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http://dx.doi.org/10.3109/01902148.2015.1080321DOI Listing
http://www.ncbi.nlm.nih.gov/pmc/articles/PMC4764792PMC
August 2016

Intranasal versus intraperitoneal delivery of human umbilical cord tissue-derived cultured mesenchymal stromal cells in a murine model of neonatal lung injury.

Am J Pathol 2014 Dec 22;184(12):3344-58. Epub 2014 Nov 22.

Department of Pathology, Women and Infants Hospital, Alpert Medical School of Brown University, Providence, Rhode Island; Department of Pathology and Laboratory Medicine, Alpert Medical School of Brown University, Providence, Rhode Island. Electronic address:

Clinical trials investigating mesenchymal stromal cell (MSC) therapy for bronchopulmonary dysplasia have been initiated; however, the optimal delivery route and functional effects of MSC therapy in newborns remain incompletely established. We studied the morphologic and functional effects of intranasal versus i.p. MSC administration in a rodent model of neonatal lung injury. Cultured human cord tissue MSCs (0.1, 0.5, or 1 × 10(6) cell per pup) were given intranasally or i.p. to newborn severe combined immunodeficiency-beige mice exposed to 90% O2 from birth; sham controls received an equal volume of phosphate-buffered saline. Lung mechanics, engraftment, lung growth, and alveolarization were evaluated 8 weeks after transplantation. High-dose i.p. MSC administration to newborn mice exposed to 90% O2 resulted in the restoration of normal lung compliance, elastance, and pressure-volume loops (tissue recoil). Histologically, high-dose i.p. MSC administration was associated with alveolar septal widening, suggestive of interstitial matrix modification. Intranasal MSC or lower-dose i.p. administration had no significant effects on lung function or alveolar remodeling. Pulmonary engraftment was rare in all the groups. These findings suggest that high-dose systemic administration of human cultured MSCs can restore normal compliance in neonatally injured lungs, possibly by paracrine modulation of the interstitial matrix. Intranasal delivery had no obvious pulmonary effects.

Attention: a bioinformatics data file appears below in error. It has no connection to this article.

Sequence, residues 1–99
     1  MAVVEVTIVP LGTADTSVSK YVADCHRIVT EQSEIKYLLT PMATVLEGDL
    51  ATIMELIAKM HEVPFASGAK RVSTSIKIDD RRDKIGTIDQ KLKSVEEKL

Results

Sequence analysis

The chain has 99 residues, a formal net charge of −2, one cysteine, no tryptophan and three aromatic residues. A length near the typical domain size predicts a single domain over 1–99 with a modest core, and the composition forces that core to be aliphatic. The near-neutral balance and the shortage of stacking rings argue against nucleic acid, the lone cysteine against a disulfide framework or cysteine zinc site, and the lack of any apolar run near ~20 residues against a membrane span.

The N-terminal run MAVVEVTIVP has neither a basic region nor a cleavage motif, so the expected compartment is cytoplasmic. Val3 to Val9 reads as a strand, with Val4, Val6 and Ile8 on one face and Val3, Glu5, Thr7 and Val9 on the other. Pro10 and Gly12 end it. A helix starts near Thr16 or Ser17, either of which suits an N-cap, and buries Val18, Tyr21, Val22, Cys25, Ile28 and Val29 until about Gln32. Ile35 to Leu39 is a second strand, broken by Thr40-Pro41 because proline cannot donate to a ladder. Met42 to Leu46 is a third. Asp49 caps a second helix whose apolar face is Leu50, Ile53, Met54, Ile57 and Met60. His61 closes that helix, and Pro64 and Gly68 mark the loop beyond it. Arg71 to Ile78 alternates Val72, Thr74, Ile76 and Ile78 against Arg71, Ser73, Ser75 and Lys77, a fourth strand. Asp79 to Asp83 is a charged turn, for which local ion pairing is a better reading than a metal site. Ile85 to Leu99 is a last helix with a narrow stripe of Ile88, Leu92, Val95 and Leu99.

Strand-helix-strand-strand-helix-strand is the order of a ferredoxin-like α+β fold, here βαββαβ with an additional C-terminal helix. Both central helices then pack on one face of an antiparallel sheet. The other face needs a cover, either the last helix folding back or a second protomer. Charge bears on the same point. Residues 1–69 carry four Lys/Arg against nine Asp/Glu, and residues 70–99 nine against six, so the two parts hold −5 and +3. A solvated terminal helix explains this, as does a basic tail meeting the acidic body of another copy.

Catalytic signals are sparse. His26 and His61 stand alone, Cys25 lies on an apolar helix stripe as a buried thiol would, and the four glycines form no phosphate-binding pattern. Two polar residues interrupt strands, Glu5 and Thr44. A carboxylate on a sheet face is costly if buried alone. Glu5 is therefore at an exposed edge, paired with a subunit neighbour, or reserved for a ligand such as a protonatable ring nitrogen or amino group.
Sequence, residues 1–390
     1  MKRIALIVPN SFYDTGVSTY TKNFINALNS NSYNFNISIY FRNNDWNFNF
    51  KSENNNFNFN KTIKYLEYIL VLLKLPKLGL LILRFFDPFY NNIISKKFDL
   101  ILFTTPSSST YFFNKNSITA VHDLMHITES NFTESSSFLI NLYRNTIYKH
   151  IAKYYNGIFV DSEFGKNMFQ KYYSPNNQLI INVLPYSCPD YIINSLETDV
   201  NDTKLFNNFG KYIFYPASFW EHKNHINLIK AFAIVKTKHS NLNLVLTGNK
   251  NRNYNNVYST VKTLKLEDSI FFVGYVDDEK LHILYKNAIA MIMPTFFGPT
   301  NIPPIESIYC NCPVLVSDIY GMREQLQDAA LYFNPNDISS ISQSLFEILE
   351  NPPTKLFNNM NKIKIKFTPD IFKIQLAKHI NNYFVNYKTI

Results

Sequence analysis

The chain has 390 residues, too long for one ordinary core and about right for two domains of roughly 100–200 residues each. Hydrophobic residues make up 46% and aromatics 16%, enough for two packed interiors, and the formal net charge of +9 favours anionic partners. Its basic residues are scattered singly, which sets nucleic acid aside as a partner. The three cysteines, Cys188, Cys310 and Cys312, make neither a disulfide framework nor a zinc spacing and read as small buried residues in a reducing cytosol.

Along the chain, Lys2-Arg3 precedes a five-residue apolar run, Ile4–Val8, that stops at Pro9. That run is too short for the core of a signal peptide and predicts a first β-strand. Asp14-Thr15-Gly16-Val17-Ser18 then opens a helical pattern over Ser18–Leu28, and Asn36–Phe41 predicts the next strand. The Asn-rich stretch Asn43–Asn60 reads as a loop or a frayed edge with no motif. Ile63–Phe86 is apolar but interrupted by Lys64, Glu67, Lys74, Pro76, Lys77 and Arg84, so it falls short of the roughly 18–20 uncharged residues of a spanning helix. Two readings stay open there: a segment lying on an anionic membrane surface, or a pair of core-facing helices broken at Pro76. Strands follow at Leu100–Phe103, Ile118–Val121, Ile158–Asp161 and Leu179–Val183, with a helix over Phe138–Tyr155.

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http://dx.doi.org/10.1016/j.ajpath.2014.08.010DOI Listing
December 2014

Ex vivo expanded human cord blood-derived hematopoietic progenitor cells induce lung growth and alveolarization in injured newborn lungs.

Respir Res 2013 Mar 23;14:37. Epub 2013 Mar 23.

Department of Pathology, Women and Infants Hospital, Providence, RI, USA.